The Belly Button Superstore

Opinions are like belly buttons; we all have them.

This article is brought to you whilst I am currently in Inverness. The missus is out shopping for a party frock for her Christmas staff night out, and I’ve been told to go and amuse myself. While we were walking down the High Street, my better half indicated it would be better for me to do my own thing, sort of indicating in the direction of the Whisky Shop. Big mistake on a few counts.

Why? Sending me to a whisky shop means I am probably buy more bottles and also the Whisky Shop in Inverness is horrifically over priced. I remember the day I was looking for a 20CL Clynelish 14 and they were charging £29. This was available anywhere else at the time for £16. One of the hazards of shopping in a tourist town. Even now, the WS online price is £22 and a quick online search shows The Whisky Exchange selling the same item for £12.95.

Don’t get me wrong, customer service at the Whisky Shop is excellent, and they have passionate and knowledgeable staff. But I shop on price, and it seems that in Inverness prices aren’t set locally.

The other reason it was a mistake is that I am going to wonder into a whisky shop and bore some poor sales assistant with my whisky waffle, and today it was the turn of Jack at Wood Winters whisky and wine shop in Church Street to be the ‘victim’. This is my favourite local whisky shop (they are a wee bit closer than the Speyside ones!) and although it has a smaller selection than my other favourite shops, it still has a good selection of high quality wines & spirits. I know hee-haw about wine because I think there should be only four types – white, red, pink and distilled (😉).

To be honest, I was just in for a peruse, but once into full whisky waffle mode, we ( or should that be more ‘I’) ended up speaking about the Allt’a Bhainne distillery, and how I’d bought a single cask bottle from Strathisla the previous day, but was saddened to see a decent review site totally slate their recent single malt release with a 2/10 score. Although it wasn’t a whisky to set the world on fire, it was a decent pour, and at least one of the people who read my review (see here) bought it and enjoyed it.

Allt’a Bhainne distillery. Brutal architecture gives rise to brutal opinions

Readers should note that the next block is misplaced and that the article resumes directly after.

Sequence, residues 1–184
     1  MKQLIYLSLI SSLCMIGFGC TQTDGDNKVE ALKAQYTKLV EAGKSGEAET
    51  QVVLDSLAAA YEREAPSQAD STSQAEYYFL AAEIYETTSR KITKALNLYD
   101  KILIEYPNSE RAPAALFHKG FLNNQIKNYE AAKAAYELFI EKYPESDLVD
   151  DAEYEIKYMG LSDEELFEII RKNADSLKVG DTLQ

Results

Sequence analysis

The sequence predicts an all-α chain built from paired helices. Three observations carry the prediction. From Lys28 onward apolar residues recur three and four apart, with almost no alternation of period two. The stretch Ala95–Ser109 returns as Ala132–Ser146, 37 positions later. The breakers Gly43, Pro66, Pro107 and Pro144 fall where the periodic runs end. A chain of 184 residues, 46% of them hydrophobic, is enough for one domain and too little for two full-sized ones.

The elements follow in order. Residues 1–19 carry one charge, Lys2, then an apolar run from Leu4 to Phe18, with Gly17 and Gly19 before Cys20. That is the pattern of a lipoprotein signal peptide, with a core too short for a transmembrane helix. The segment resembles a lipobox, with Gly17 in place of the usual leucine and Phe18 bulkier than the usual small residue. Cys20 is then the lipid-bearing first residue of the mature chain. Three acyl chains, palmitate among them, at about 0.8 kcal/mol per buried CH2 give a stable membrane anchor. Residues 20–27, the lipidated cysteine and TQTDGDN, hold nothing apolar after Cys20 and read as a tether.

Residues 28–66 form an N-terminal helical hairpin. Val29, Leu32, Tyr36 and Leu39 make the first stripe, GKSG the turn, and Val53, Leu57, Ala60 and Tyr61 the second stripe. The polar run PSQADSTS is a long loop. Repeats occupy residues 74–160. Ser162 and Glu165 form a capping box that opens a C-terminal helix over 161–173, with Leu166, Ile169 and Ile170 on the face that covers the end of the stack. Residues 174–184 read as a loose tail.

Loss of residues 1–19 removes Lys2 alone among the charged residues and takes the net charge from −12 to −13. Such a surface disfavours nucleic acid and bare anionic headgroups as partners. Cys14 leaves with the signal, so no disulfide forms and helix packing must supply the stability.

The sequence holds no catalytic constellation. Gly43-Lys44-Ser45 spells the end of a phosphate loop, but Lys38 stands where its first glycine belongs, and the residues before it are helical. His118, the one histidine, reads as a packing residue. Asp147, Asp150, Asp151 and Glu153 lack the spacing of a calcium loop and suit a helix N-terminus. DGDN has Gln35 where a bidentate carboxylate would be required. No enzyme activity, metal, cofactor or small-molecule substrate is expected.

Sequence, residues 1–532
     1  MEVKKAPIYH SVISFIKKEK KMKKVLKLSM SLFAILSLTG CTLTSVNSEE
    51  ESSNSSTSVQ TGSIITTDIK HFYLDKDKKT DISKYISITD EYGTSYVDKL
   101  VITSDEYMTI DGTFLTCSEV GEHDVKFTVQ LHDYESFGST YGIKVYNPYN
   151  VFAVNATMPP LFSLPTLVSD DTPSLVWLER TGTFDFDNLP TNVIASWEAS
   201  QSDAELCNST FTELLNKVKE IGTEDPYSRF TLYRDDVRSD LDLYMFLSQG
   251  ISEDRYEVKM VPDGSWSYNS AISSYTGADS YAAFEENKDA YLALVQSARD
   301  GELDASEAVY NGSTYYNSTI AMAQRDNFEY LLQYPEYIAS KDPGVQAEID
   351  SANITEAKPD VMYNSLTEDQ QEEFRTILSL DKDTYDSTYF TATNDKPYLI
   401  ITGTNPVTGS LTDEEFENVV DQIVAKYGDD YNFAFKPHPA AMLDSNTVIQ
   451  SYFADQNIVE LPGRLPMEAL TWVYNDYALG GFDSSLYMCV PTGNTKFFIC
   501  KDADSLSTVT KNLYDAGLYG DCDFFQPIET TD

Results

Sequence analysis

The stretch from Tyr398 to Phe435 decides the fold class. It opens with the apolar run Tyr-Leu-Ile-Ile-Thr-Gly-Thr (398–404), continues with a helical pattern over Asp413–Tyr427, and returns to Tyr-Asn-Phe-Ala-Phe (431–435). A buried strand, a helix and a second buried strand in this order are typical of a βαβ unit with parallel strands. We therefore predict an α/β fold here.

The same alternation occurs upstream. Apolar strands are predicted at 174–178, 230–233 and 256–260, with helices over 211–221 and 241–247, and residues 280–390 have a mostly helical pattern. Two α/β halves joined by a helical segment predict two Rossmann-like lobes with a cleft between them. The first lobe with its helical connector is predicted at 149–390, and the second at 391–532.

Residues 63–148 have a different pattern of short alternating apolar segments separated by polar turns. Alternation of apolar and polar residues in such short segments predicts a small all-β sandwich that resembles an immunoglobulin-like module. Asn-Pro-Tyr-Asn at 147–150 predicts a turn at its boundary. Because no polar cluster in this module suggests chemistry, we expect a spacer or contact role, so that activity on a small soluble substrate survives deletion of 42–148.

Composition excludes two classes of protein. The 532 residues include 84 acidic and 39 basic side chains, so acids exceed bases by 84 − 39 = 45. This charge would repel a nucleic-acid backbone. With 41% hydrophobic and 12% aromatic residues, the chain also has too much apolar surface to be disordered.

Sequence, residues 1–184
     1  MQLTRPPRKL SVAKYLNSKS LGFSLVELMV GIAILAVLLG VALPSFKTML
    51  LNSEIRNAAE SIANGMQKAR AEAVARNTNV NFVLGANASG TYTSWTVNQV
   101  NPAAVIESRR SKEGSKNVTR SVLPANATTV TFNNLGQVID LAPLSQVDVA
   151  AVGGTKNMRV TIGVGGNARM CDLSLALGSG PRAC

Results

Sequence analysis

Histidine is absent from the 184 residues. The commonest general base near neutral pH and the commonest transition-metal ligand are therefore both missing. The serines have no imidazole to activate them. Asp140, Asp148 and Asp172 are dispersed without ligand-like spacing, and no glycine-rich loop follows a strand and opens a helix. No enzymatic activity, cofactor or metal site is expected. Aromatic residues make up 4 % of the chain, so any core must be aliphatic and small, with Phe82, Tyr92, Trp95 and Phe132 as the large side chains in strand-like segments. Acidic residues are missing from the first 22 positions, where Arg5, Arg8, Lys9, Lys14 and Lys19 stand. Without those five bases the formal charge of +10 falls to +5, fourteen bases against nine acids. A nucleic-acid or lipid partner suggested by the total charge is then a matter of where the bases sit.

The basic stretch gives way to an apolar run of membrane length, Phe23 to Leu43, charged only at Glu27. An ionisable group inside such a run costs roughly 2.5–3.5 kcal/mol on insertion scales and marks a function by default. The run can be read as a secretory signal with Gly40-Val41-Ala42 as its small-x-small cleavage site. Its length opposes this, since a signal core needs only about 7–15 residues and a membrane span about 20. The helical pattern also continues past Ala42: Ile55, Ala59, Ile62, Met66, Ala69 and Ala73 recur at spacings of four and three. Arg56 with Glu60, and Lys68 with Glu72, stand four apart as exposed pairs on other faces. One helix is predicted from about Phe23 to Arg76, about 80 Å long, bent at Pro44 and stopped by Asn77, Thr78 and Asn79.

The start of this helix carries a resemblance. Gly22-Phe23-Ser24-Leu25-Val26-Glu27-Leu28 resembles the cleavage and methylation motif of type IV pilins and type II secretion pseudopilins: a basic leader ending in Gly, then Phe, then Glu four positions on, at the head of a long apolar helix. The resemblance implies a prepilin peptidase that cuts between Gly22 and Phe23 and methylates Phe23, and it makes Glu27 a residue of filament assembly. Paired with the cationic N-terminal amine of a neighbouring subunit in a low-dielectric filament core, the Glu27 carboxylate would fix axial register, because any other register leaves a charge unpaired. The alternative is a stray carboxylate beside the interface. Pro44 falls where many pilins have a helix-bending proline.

Yes, it was a bargain whisky, not too expensive, plus a whisky that is rarely, if ever, gets seen as an official bottle, rather it is normally released as an independent bottling. Unfortunately, because the reviewer had plenty of experience of these releases, he concentrated on the negative issues about the whisky. Of course there was plenty of marketing about it, and yes, it wasn’t a spectacular whisky, but it wasn’t unpleasant, and indeed I got a nice surprise. It was good to see the review has comments that picked up on the fact that 2/10 wasn’t fair. I bought mine at £22, and to be honest I’ve had bottles double that price be doubly disappointing. A quick look at other retail websites seem to suggest the vast majority of people who are reviewing their purchase seem to favour this dram.

Indeed, peated Speyside isn’t that unusual. Benriach does a decent one with the 10 year old Curiositas, which does have a natural presentation, whereas the 40% AAB doesn’t.

Allt’a Bhainne. One £22, the other considerably more.

It now comes to the obvious point that taste is a very subjective matter. Yes, the more refined palate may pick up more nuances that others might not, especially if you are lucky enough to be able to sample a large range of quality spirits, though it’s worth bearing in mind that not everybody has the same experience.

I did want to title this article as Opinions are like bum holes, but that’s even a bit too crass for me, as the blog is slowly picking up more views (keep sharing folks!) but it is true; we all have our opinions. Not all of these opinions are universal to everybody else. As much as I dig at Famous Grouse, it isn’t a bad blend. It may not be a quality one, but we don’t always need to be drinking premium spirits, especially if our wallets don’t allow it. My criticism of Jura Journey comes from a standpoint that it is not a young distillery, has some very very experienced people behind it, and has produced some lovely produce – Journey is just such a massive disappointment and obviously young whisky and marketing. They should have known better. But, if you like it, kudos to you, and I hope you will challenge me on it.

I will not name the reviewer or site I saw the poor Allt’a Bhainne review on, but one has to ask is their opinion valid, and should it influence us? All opinions are valid, as one man’s meat is is another man’s murder, but we should take one opinion on its own with a pinch of salt. The truth is you have to try for yourself. If you are looking to elevate yourself to find quality spirits, I would suggest that you won’t find them in a bottle of whisky costing £22, but what you may find is good value, which the reviewer seemed to miss.